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Nordic countries are bringing about an energy transition worth copying

What can we learn from the Nordic low-carbon energy transition given the new US leadership vacuum on climate change? A new study by Professor Benjamin Sovacool at the University of Sussex offers some important lessons.

The Trump administration's "First energy plan" criticises the "burdensome" regulations on the energy industry and aims to eliminate "harmful and unnecessary policies such as the Climate Action Plan" which was introduced by President Barack Obama. It has also deleted all mentions of climate change and global warming from the White House website.

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New tool helps oyster growers prepare for changing ocean chemistry

For Bill Mook, coastal acidification is one thing his oyster hatchery cannot afford to ignore.

Mook Sea Farm depends on seawater from the Gulf of Maine pumped into a Quonset hut-style building where tiny oysters are grown in tanks. Mook sells these tiny oysters to other oyster farmers or transfers them to his oyster farm on the Damariscotta River where they grow large enough to sell to restaurants and markets on the East Coast.

The global ocean has soaked up one third of human-caused carbon dioxide (CO2) emissions since the start of the Industrial Era, increasing the CO2 and acidity of seawater. Increased seawater acidity reduces available carbonate, the building blocks used by shellfish to grow their shells. Rain washing fertilizer and other nutrients into nearshore waters can also increase ocean acidity.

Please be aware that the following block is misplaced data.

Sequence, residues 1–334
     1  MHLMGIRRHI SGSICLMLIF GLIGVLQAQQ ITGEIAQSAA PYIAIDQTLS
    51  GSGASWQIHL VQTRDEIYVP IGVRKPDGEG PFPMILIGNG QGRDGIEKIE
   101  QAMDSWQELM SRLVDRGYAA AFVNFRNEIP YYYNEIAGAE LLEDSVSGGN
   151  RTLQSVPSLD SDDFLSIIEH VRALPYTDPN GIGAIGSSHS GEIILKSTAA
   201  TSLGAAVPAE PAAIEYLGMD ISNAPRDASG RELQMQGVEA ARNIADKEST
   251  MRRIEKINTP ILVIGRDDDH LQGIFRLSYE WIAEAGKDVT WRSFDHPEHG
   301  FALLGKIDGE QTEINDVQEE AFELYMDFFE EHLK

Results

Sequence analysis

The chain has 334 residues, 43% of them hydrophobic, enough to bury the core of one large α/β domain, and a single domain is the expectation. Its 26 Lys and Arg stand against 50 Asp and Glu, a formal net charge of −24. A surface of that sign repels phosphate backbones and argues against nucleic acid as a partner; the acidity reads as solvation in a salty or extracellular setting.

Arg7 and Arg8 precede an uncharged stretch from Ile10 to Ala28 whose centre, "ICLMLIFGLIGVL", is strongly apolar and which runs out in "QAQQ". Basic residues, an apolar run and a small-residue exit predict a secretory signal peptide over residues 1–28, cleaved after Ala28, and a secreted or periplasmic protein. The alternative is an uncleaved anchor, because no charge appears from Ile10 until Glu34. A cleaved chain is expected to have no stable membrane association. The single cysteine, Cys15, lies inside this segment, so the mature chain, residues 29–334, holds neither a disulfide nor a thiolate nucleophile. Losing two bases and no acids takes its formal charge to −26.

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Researchers Work to Restore the Long-Lost Flavor of Tomatoes

New research reveals which genes are needed to reinstate the rich, original flavor of tomatoes, now absent in many grocery shelf varieties of this fruit. The results are published in the 27 January issue of Science.

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How Insects Decide to Grow Up

Scientists discover key mechanism that controls when fruit flies sexually mature

Like humans, insects go through puberty. The process is known as metamorphosis. Examples include caterpillars turning into butterflies and maggots turning into flies.

But, it has been a long-standing mystery as to what internal mechanisms control how insects go through metamorphosis and why it is irreversible.

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High-Tech Maps of Tropical Forest Diversity Identify New Conservation Targets

New remote sensing maps of the forest canopy in Peru test the strength of current forest protections and identify new regions for conservation effort, according to a report led by Carnegie’s Greg Asner published in Science.

Asner and his Carnegie Airborne Observatory team used their signature technique, called airborne laser-guided imaging spectroscopy, to identify preservation targets by undertaking a new approach to study global ecology—one that links a forest’s variety of species to the strategies for survival and growth employed by canopy trees and other plants. Or, to put it in scientist-speak, their approach connects biodiversity and functional diversity.

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Scientists Develop New Flu Vaccines for Man's Best Friend